Here’s how you can volunteer on Election Day

By Kaitlin Dunn 

Elm Staff Writer 

As the 2020 presidential election draws near, candidates and nonpartisan organizations have emphasized the importance of voter participation. 

However, voting is not the only way one can get involved with the election and democracy. 

Volunteer jobs, such as poll working and election protectors, allow people to give their time to assist in the democratic process as a nonpartisan aide. 

“Our democracy depends on ordinary people who make sure elections run smoothly and everyone’s vote is counted. You can make sure we have a safe, fair, efficient election for all,” Power the Polls, a nonpartisan group that helps people begin the process of becoming poll workers, said. 

“One of the important roles in the election process is that of the poll worker — people within local communities who commit to the election process and helping Election Day run smoothly and fairly,” they said. 

“If you’ve ever voted in-person, you’ve been helped by a poll worker: they’ve checked you in and pointed you in the right direction to cast your ballot,” National Public Radio’s Clare Lombardo said.

However, with the number of COVID-19 cases continuing to rise within the United States, people who traditionally fill these roles are having to forgo being a poll worker. 

According to the Election Assistance Commission, during the 2018 general election, over 25% of poll workers were aged 71 or older, while 58% were 61 or older.

With this decrease in older age groups’ participation, this shortage of volunteers at polling locations has resulted in the potential of precincts being consolidated or combined. This includes inaccessibility to people within these communities, such as those who walk to their local precinct and cannot otherwise get a ride to the polls. 

“Milwaukee, for example, typically has 180 polling places. At the primary in April, just five sites were operating,” CNBC News reporter Alicia Adamczyk said in September. “Earlier this month, election board officials in states across the country said they were still thousands of volunteers short.” 

As a result, there has been a push to get young people to volunteer as aids for the upcoming election. 

Nonpartisan groups like Power the Polls offer resources and information for those interested in becoming a poll worker, such as requirements and the training materials. 

While you are volunteering your time, it is also a paid position. The Fair Elections Center offers information regarding how much you can get paid based on where you are located, with rates varying by state and district.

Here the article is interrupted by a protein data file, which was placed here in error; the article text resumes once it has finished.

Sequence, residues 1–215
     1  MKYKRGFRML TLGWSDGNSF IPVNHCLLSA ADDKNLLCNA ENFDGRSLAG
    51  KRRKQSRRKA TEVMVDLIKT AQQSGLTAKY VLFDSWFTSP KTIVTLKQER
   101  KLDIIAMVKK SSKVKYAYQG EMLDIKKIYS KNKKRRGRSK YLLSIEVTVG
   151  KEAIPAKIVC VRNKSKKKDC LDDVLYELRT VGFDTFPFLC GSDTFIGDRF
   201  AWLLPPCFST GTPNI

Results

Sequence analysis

“Poll workers are indeed paid by election officials — from stipends of less than $100 to hundreds of dollars,” NBC reporters Jane C. Timm and Shamar Walters said. Poll workers, they typically work the entire day, from when the polls open to when they close. 

“On Election Day — don’t forget to bring snacks and wear comfortable clothes and shoes. You’ll also want to bring a charger or battery backup for your phone,” Sylvia Albert, director of the watchdog group voting and elections at Common Cause said.

For those interested in becoming a poll worker but are still wary about the pandemic, personal protective equipment and other materials are provided to volunteers upon arrival at their assigned polling locations. 

Another way to get involved is to be an election protector, whose tasks include stopping voter suppression and misinformation. Election protectors complete tasks such as poll watching, making voters aware of disinformation on social media, informing voters of their rights regarding their ballots, or connecting voters with legal help regarding the voting process. 

For those interested in this position, nonpartisan groups such as Election Protection have information regarding volunteering. Those interested in working directly with a political party serve as poll greeters. These are typically sponsored by local political organizations prior to November. 

Unlike other positions, poll greeters can speak about their candidates and try to sway you towards their political party before casting your vote on Election Day. They do things such as hand out literature regarding the party’s candidates and sample ballots that align with the party. 

For anyone looking to get involved, there are several opportunities available. However, deadlines to sign up are approaching, so if you are interested, it is recommended that you sign up soon. 

While this election may look different this year due to COVID-19, there are still ways citizens can be active participants in our democracy.

Featured Photo caption: If you’re considering going to the polls to aid others cast a vote, here are some ways you can help. Photo by Mark Cooley.

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